Step 2. Gather evidence - The MOMENT you are suspicious (or sooner, be paranoid)

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Brigadier General
Step 2. Gather evidence
- The MOMENT you are suspicious (or sooner, be paranoid)

I'm writing this primarily about brokers, but I'm sure you can adapt. If, for example, you bought an EA that didn't do well and the company isn't honoring its "No questions asked" guarantee, you don't need to worry about fake spikes or other stupid broker trick items. What you do need is the seller's TOS and details about how you sent your money to them.

If there is an issue regarding withdrawals, close all open positions before contacting the company. It would be extremely sad if somehow all your trades went into such big losses that your account was left negative. In a case like that, the broker wouldn't ever send that withdrawal you've been waiting for.

If you have more than enough money in your account to cover a withdrawal, get a screenshot showing your account's equity and balance. If you did close all of your positions these should be equal (unless you've got some sort of bonus that's not withdrawable).

Get screenshots of anything in your account area on the broker's website.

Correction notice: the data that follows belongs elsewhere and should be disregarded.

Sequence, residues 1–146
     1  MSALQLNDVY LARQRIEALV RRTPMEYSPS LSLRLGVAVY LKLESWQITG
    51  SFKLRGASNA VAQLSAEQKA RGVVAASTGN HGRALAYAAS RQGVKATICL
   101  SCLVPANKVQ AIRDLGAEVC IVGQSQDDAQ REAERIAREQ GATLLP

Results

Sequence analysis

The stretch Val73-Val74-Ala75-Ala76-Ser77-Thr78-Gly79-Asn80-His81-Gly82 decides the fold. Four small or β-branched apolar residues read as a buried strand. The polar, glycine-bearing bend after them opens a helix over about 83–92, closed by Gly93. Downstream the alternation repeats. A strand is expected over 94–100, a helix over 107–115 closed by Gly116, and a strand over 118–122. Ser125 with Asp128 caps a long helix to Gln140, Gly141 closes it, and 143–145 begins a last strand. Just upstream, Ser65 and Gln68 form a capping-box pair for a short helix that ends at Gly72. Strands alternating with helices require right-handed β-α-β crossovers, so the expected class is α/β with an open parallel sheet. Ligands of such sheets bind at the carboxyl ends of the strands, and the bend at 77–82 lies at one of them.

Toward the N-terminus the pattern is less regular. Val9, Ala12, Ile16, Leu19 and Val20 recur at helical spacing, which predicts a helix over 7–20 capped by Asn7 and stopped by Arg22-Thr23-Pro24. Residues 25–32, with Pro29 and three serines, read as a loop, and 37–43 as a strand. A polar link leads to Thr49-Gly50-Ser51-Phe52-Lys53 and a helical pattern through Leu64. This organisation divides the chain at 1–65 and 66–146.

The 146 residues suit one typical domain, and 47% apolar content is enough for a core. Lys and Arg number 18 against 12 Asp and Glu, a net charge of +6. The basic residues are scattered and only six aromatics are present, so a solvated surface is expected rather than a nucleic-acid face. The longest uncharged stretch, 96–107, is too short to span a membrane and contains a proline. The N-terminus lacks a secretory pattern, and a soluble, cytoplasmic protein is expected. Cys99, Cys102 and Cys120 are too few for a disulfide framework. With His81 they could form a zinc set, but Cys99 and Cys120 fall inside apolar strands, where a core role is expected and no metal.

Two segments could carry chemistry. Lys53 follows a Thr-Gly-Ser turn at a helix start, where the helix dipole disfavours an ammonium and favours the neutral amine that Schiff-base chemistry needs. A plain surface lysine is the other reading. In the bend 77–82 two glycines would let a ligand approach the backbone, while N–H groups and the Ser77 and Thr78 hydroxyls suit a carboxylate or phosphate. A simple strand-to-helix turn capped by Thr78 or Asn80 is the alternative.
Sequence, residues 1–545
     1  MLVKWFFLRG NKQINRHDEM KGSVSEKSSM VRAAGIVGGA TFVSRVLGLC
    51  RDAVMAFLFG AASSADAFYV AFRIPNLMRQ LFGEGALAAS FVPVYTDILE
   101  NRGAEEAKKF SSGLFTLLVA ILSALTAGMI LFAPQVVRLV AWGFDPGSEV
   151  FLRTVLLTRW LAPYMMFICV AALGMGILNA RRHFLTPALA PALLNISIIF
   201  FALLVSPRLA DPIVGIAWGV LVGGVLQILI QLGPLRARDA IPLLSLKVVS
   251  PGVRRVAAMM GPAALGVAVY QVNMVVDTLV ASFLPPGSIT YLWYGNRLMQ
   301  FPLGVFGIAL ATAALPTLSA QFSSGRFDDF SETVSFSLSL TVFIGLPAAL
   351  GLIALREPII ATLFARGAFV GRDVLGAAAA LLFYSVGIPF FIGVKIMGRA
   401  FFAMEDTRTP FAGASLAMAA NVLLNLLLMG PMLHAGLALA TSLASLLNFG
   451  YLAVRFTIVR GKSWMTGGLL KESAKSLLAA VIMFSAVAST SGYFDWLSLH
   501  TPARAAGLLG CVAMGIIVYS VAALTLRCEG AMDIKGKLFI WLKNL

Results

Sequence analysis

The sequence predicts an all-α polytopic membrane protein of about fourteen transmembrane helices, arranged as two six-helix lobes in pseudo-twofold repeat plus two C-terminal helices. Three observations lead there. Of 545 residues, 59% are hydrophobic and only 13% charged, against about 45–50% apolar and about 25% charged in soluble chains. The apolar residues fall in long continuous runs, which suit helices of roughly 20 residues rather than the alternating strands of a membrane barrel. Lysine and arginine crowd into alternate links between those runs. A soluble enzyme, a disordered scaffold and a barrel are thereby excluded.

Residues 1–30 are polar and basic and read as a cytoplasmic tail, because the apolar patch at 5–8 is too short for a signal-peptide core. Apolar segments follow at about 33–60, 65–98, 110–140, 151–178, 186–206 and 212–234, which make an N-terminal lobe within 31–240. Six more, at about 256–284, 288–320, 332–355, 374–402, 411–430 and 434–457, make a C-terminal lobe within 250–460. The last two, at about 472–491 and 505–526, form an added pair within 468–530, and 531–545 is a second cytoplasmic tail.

Get screenshots of the company's Terms of Service (you should do this BEFORE opening an account). Don't count on a company not editing its TOS just to steal your money. I've seen it happen.

Save copies of all emails to or from from the company. If you live chat them, save screenshots and (if it's an option) have them mail you the chat transcript. Try to avoid phone calls. If you do later have to talk to them on the phone, check and see if you are legally allowed to record conversations without telling them. If it's legal, do it.

Download your trading statements.

Gather up all information about how you've sent money to the company.

Take screenshots of all relevant screens in your account. (If a giant spike took you out, you need a screenshot.)

Other than evidence to prove your claim, the most important information is details of how you transferred funds to the broker (or paid for the product or whatever). If they haven't accepted any money from you, it's going to be a little hard to convince a regulator or police agency that you are a victim. Tracing the money is the number one way to track down unregulated, unregistered offshore scams, so the payment instructions are often critical to being able to track down the scammers. If you did get a withdrawal before things turned bad, the info of where and how the money was sent can also be a vital clue.

Even if you're not a victim, feel free to report suspicious things to regulators. Ponzi schemes are easy to spot without putting money in and most regulators also publish warnings about companies falsely claiming to be regulated.

NOTE: Be EXTRA paranoid. Don't just save data to your hard drive. Email copies to yourself (from one web-based email account of yours to another web-based email account of yours). It would be very sad to have enough evidence to get a criminal arrested and lose it to a hard drive failure.
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